The recent remake of the fan-favorite 4-koma series Azumanga Daioh’s first volume has attracted much attention, due to the vastly redrawn artwork by the original mangaka Kiyohiko Azuma.
As his style has changed substantially from 1999’s Azumanga to today’s currently running Yotsuba&!, the differences in some panels is truly striking, influencing one fan to create a comprehensive side-by-side comparison of the new and old versions, as can be seen below…
To begin with, a recent entry on Azuma’s personal site provides some of the artist’s thoughts on redrawing his most popular work.
Here is an excerpt of the most relevant portions:
And so, I drew Azumanga for the first time in a long while.
I’m sure it might cause uncomfortable feelings for some fans, but it is the Azumanga of Today.
I struggled with exactly how much of my old style to bring back, but for the most part I went with my most current style.
Looking at it from my own perspective, trying to bring back some of my older style makes me feel like I’m purposefully making the art look worse, so it was a little painful for me to do.
Even with my style of 4-koma, looking back at it now makes me think about how simplistic it was.
As for the drawing method I used, I adopted the thought of making changes to the exterior surface, but still make it so that it would easily fit into the “core” of Azumanga.
Intrigued by the profound differences found in the new version, Sangencyaya collected these comparison images:
The new style does indeed resemble Azuma’s more recent art in Yotsubato:
Youtsubato Example Art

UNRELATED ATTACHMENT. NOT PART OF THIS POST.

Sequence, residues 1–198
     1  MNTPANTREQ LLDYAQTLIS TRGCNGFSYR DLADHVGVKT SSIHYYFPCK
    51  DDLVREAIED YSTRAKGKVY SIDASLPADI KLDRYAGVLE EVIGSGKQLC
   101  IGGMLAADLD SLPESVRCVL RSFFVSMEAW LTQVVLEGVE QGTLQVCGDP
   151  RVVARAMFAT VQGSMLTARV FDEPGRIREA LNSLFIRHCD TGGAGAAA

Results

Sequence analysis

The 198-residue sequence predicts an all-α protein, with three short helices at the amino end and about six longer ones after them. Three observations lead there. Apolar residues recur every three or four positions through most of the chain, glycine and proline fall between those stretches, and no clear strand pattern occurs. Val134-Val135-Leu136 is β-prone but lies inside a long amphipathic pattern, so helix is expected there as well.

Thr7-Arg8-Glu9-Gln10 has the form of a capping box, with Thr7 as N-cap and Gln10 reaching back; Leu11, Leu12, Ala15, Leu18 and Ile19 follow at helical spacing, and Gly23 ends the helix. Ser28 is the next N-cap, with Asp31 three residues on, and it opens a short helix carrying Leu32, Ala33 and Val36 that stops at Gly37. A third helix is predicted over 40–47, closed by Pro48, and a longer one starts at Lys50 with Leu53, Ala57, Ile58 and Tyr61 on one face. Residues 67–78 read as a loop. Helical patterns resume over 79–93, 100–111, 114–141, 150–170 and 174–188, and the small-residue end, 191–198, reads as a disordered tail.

Here is another eye comparison, this time of Chiyo – it is worth mentioning that the early chapters of Azumanga were done in 1999, quite early in Azuma’s career, and Azumanga’s art did improve over its 3 year run:
The resemblance to Yotsubato’s style is particularly obvious here.
This is substantially harder to spot, but changes in the toning, or shading used was also noticed:
In the original, toning was used to color the inside of an open mouth, and to accentuate the character’s shadows, but the new version lacks it, creating a more minimalistic look.
The script is mostly unchanged, but there are some exceptions, some due to repositioning portions of the text elsewhere on the page, among other reasons…
“I think I might’ve just seen some really cute pantsu…”
Another change was to the personal pronouns for “I” used by the hapless male student whose bike was stolen by Yukari in Chapter 1 from the masucline “Ore” to the gender-neutral “Watashi”, since he has somehow turned into a girl in the past decade (He fell into a Jusenkyo spring perhaps?)
“Aaah! My Bicycle!!”
Aaah! My Bicycle!!
This example that Sangencyaca selected is difficult to understand for someone who doesn’t remember the context (or never read the original), but it does give a good look at the bespectacled Koyomi’s different character styles.
That kid will be fine being by himself!”
“That’s not what you said in the beginning!!”
Just shut the window properly and go back home quickly.”
One of the most important (and noticeable) changes made clearly must be to the various oppai of the large schoolgirl cast.
This proved to be a rather confusing comparison for many, as many readers apparently mistook the old version for the new in our earlier post.
Old (Left) vs. New (Right)
The lack of toning lines, along with a change in Sakaki’s service mizugi from a less revealing, but more form-fitting one makes for a vastly different image, and it isn’t hard to see how some could easily mistake the two at a quick glance…
The new reprint of Volume 1 is also available.